Is Singleness a Spiritual Gift?
- Tim Laitinen Crosswalk.com Contributing Writer
- 2014 12 Aug
Back when I was young, footloose, and fresh out of college, I lived and worshipped in New York City. Our vibrant singles ministry at Manhattan’s historic Calvary Baptist Church had a couple of small discipleship groups, and I was part of one.
There were three of us in that group; another young single guy named Todd, the singles pastor of our church, and myself. At one point, our singles pastor had Todd and me go through a spiritual gifts inventory, which required us to take a test so we could assess what spiritual gifts God had given us. You know, things like a special ability with teaching, or administration, or hospitality and such.
However, one of the spiritual gifts on that test was singleness, or celibacy. And that test said I had it. The gift of singlehood.
But I balked. I did not believe singlehood was a gift, and if it was, I certainly didn't have it!
Fast forward to today, and Todd, who did not get singlehood on his inventory, is happily married with two kids, living in a suburban New Jersey colonial. And then there's me…
So, was that spiritual gifts assessment correct? Is singlehood a spiritual gift, and if so, do I have it, whether I like it or not? Granted, I’m relatively content with my marital status, but plenty of singles are not, or they’ve become single through a decision somebody else made for them. Is contentment with anything enough proof that it’s a spiritual gift? God may not ask our opinion on what spiritual gifts we might want, but does he give us gifts that are incompatible with our desires?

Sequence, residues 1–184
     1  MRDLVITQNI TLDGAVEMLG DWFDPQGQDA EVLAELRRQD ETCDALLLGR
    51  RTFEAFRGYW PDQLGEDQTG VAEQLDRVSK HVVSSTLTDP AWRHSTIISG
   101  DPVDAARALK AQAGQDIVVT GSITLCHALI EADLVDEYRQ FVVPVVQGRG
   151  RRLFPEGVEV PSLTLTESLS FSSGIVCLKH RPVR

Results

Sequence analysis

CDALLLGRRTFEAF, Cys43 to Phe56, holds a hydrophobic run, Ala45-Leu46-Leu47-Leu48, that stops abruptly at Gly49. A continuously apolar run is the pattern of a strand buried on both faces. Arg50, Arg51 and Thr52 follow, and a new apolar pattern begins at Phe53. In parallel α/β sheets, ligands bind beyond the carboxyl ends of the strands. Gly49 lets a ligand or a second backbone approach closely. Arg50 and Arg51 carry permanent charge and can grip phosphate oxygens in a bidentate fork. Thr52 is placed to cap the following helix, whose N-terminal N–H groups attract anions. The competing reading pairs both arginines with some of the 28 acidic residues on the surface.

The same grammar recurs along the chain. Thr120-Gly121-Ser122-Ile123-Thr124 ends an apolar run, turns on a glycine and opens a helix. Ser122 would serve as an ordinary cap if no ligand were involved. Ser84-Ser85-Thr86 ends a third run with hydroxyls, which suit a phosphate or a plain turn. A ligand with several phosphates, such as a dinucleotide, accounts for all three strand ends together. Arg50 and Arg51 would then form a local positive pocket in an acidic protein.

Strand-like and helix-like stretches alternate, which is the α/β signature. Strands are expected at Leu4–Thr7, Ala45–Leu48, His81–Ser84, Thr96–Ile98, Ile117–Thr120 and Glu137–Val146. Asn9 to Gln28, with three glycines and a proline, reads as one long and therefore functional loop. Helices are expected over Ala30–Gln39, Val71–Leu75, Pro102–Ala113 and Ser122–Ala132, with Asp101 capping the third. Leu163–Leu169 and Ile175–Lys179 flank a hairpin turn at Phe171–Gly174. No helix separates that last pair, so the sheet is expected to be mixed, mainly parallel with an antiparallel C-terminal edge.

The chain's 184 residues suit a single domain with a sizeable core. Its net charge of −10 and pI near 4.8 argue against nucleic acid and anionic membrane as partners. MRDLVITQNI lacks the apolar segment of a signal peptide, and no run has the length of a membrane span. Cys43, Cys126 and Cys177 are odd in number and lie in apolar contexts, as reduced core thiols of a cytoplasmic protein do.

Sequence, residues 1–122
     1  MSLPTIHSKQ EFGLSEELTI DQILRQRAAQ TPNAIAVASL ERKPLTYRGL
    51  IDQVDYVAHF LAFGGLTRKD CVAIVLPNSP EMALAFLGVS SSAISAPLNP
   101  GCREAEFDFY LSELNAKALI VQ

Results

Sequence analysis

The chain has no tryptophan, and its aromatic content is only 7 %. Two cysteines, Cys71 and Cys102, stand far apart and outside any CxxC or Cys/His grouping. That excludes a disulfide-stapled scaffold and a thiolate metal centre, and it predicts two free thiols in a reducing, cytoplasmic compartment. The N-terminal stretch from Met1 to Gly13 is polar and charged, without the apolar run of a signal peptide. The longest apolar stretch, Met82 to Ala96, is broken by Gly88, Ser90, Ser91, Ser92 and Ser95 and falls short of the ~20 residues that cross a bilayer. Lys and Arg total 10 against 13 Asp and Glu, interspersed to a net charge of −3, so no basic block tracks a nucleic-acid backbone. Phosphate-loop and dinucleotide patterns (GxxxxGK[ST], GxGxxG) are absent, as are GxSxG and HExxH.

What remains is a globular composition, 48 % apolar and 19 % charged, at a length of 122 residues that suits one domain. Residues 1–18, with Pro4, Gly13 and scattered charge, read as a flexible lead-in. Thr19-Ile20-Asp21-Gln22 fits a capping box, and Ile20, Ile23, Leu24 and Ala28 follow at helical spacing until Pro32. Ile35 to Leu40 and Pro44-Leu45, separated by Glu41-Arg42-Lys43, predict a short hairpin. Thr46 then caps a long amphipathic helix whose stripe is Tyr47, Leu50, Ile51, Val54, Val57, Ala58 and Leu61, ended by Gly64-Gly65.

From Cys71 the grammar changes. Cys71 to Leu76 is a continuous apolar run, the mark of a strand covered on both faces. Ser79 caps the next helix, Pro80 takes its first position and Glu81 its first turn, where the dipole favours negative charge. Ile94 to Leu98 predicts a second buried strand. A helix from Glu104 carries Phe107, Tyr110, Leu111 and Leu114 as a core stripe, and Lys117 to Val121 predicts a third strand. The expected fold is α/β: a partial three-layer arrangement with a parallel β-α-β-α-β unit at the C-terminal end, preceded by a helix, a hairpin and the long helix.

After all, I may be content, but that doesn’t mean I don’t desire marriage.
Remember, there’s a difference between the Fruit of the Spirit, which all of us believers in Christ should model, and the spiritual gifts. The Fruit of the Spirit is love, joy, peace, patience, kindness, goodness, faithfulness, gentleness, and self-control. Those of us who claim Christ as our Savior should be practicing all of these. However, the spiritual gifts are given to Christ’s followers individually by the Holy Spirit, so that as the body of Christ, we as the church can competently serve each other and our world.
From 1 Corinthians 12 we learn that “there are different kinds of gifts, but the same Spirit. There are different kinds of service, but the same Lord. There are different kinds of working, but the same God works all of them in all men. Now to each one the manifestation of the Spirit is given for the common good.”
In Romans 12, we learn that “we have different gifts, according to the grace given us.” And we should exercise our gifts generously, diligently, and cheerfully, in proportion to our faith.
Good grief! Cheerful about having the gift of singleness? Not me.
For the record, that test also said I have the gifts of administration and helps, which I’ve been able to practice with varying levels of success over the years. Yet singlehood isn’t like administration. Singlehood is a marital status, whereas administration is a function independent of gender, marital status, race, ethnicity, and even personality.
Ahh, yes: personality. Don’t we tend to shape our giftedness by our personal opinions, experiences, and expectations? Perhaps I’ve been doing that with my perspective of singlehood? Am I making it some sort of martyrdom, or at the very least, some sort of punitive gift, like some awful necktie a distant relative had given me as a birthday present?
“Oh. Um… thanks?”
I don’t know of anybody who gets excited about the prospect of never being married. I’ve never heard anybody say they’re happy about not ever having sex for as long as they live. “Let joy be unconfined: I’m being denied one of the most significant, meaningful forms of human relationships.”